Turning to the large U.S. market, Paul Jannke with Forest Economic Advisors said there will be a surge in lumber demand over the next several years based on changing demographics, decreasing urbanization, record-high home equity, and older median home age. The largest factor in the demand, he said, is a shrinking labour force in North America. “There are simply fewer workers out there; not just at the sawmills but in logging as well,” Jannke said. While European and Russian imports are increasing in the U.S., “The good news is that North American lumber is still the lowest cost to produce so we can take advantage of the higher prices,” he said.
During the conference the B.C. government announced a $7.8-million fund to promote the use of B.C. wood overseas, advance wood building systems and products, and expand global markets. The bulk of the funds will go to activities targeted at expanding markets for B.C.’s wood products, while $1.85 million will go to Wood First to encouraging the innovative use of wood and wood building systems in B.C.
Innovate to attract youth
In February, the Digital Technology Supercluster was chosen by the federal government as one of five funded superclusters to inspire high-tech growth in industry. Dean Prelazzi, business development lead for the Digital Technology Supercluster, spoke to COFI delegates about how the forest industry can participate in the collaboration.
The supercluster is a collaboration of members that will act as a catalyst to solve challenges faced by industry, including the forest sector, and position Canada as a global leader in digital technology. Canfor and TimberWest are founding members of the supercluster. The aim for forestry is to analyze and use the volume of data collected to optimize supply chains and production. Prelazzi also identified an important benefit of incorporating digital tech: “Everyone over the age of 15 has grown up with the internet,” Prelazzi said, “that means embracing digital technology will by default attract youth to the forest sector.”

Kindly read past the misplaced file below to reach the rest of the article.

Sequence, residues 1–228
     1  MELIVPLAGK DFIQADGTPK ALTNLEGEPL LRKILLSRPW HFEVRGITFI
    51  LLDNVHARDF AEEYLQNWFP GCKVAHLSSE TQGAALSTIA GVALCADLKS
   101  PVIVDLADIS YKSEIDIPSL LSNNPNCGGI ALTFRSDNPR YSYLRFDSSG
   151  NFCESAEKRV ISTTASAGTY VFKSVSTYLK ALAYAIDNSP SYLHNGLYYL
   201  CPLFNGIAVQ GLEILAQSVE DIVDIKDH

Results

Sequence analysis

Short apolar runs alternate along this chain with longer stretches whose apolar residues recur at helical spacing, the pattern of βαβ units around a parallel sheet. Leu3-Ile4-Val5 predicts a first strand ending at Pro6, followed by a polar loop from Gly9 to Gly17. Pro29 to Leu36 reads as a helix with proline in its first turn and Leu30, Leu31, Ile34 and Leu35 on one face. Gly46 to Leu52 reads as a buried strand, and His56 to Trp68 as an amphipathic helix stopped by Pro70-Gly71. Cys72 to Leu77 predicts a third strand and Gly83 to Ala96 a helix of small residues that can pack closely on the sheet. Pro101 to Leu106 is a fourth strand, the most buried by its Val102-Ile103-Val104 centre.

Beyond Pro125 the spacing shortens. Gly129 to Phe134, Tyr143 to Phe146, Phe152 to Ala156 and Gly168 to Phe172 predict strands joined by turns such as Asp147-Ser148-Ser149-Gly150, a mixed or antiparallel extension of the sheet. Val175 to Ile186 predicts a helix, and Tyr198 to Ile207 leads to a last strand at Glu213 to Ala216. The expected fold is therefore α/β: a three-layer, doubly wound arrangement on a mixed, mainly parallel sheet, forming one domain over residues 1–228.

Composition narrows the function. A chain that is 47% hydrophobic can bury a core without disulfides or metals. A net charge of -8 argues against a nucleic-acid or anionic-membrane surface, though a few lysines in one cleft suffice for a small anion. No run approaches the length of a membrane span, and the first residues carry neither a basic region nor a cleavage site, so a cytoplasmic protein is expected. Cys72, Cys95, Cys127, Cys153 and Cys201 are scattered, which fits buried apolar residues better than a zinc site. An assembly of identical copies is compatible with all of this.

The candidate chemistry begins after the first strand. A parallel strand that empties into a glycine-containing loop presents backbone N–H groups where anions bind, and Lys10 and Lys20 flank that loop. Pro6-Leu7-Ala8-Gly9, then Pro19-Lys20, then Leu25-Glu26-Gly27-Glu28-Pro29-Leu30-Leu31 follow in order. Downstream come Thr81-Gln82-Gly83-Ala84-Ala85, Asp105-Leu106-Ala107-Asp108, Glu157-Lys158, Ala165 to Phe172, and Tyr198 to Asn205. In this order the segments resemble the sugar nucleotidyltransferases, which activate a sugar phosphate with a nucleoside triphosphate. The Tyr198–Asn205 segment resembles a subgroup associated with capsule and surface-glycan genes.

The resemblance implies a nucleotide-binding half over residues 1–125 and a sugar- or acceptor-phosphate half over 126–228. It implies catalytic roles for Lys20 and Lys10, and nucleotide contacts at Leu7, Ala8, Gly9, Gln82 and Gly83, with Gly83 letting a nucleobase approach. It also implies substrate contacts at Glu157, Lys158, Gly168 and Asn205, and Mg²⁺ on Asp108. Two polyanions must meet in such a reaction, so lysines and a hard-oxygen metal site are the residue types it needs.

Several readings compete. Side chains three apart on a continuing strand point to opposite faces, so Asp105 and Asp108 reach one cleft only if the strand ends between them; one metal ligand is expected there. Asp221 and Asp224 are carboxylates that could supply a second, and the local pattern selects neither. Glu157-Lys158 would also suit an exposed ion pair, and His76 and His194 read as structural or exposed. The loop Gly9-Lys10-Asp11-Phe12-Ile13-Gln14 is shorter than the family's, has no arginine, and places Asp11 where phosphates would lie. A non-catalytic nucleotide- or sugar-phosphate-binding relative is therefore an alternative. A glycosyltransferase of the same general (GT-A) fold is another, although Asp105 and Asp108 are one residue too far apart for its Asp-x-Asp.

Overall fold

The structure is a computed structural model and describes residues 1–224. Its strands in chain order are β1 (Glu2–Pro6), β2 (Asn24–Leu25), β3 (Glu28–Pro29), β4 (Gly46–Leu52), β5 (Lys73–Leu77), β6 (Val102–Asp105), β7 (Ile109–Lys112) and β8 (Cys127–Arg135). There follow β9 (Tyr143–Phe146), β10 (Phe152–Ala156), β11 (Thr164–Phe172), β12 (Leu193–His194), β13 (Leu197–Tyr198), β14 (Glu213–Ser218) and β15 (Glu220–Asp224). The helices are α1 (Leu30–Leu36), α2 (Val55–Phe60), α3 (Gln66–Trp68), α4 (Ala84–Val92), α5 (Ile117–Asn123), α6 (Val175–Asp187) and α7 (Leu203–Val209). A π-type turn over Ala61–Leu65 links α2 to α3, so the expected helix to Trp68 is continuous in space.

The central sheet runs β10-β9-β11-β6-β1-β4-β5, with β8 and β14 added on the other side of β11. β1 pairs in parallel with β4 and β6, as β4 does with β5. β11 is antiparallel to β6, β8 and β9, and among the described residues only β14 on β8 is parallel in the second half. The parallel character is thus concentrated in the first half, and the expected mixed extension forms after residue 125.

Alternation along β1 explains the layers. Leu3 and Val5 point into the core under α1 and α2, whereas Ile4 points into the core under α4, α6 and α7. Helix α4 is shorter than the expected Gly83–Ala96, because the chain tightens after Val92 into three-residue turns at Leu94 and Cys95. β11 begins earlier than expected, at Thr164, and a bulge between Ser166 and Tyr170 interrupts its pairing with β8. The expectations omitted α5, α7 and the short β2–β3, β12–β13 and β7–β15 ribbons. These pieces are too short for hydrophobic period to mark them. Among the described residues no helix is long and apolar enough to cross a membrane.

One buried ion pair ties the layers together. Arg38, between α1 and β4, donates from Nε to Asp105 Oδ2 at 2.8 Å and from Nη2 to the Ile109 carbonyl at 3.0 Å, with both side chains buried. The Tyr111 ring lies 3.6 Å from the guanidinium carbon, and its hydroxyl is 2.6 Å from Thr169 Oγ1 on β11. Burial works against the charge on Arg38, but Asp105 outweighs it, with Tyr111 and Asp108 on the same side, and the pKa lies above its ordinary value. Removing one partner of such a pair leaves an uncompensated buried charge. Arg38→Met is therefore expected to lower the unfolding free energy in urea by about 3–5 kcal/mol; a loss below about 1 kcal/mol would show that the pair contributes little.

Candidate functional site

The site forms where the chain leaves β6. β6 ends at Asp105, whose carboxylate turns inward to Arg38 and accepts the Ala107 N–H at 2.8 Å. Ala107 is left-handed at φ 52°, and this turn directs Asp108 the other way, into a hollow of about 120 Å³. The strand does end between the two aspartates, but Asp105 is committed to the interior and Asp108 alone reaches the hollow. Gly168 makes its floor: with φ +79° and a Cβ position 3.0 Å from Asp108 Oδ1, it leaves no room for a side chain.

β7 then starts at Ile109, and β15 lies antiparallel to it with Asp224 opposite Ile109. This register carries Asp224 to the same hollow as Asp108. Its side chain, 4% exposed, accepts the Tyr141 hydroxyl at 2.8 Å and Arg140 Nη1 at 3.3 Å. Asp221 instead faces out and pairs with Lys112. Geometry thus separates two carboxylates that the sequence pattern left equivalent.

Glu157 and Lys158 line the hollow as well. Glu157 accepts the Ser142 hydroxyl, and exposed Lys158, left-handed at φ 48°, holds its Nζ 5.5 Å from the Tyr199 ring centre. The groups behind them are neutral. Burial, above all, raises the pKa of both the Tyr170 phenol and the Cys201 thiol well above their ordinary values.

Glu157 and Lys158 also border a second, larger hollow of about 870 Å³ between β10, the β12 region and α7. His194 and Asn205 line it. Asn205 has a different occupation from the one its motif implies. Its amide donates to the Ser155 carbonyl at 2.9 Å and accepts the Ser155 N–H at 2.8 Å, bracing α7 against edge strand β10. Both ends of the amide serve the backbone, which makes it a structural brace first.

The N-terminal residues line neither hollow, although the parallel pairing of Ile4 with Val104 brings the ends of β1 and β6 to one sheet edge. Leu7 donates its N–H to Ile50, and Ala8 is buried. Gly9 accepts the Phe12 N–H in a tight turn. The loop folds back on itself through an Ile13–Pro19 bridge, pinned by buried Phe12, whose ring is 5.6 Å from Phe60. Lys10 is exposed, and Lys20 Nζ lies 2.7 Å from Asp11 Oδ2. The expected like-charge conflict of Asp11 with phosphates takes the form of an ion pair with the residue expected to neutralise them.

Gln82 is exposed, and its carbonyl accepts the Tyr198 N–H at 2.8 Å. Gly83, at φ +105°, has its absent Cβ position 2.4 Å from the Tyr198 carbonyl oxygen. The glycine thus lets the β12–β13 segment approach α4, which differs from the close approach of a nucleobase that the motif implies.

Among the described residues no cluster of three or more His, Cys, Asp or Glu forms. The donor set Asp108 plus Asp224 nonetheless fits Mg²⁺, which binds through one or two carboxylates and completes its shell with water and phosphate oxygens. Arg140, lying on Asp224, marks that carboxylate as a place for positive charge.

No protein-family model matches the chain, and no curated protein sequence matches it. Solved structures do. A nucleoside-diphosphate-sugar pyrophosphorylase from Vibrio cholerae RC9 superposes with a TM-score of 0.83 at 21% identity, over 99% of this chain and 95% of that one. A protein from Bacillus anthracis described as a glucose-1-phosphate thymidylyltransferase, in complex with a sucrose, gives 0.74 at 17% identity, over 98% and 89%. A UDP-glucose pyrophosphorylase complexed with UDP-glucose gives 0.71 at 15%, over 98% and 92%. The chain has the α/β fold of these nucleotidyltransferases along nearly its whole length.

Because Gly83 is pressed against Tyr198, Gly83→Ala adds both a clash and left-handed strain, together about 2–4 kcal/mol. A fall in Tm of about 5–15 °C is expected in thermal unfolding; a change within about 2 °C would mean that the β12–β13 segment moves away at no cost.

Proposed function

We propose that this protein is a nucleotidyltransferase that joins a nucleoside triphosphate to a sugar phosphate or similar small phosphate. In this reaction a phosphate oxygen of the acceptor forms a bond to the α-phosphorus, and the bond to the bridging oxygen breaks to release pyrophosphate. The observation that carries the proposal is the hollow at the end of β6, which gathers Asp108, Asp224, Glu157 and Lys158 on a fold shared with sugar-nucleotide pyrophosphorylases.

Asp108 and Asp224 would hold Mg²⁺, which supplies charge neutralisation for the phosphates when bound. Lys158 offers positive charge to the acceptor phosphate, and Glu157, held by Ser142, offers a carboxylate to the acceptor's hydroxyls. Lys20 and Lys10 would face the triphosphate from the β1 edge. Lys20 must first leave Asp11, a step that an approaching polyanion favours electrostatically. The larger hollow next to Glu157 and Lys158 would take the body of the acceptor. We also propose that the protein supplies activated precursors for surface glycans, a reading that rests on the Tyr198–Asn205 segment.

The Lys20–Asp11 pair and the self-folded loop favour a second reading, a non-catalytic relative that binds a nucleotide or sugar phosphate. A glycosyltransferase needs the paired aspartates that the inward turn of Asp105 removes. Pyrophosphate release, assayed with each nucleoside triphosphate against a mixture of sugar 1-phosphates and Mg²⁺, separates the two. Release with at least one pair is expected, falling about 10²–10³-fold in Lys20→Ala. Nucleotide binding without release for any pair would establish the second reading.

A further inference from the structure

On the CEO Panel Seraphim echoed that idea, noting that new technology and developing new products in the industry such as mass timber and biomass products is appealing to youth. “It allows us to attract young people who have innovative minds,” he said.
A panel of speakers addressed the topic of jobs and recruitment. Canfor’s manager of learning and talent, Kara Biles, said companies need to consider strategies to attract women, visible minorities and Indigenous peoples. Promoting the industry as innovative and climate friendly goes a long way to attracting and retaining people, she said.
A survey of B.C. residents from Abacus Data, found that 81 per cent of respondents have a favourable view of B.C. producers of lumber and wood products, and 87 per cent believe a strong forest sector is vital for B.C.’s economy. Presenting on the survey, Bruce Anderson, chair of Abacus, said the numbers show the industry has made great strides in improving public opinion in the last decade. But there is still work to be done to share the message of a green industry that’s products, by nature, sequester carbon, he said.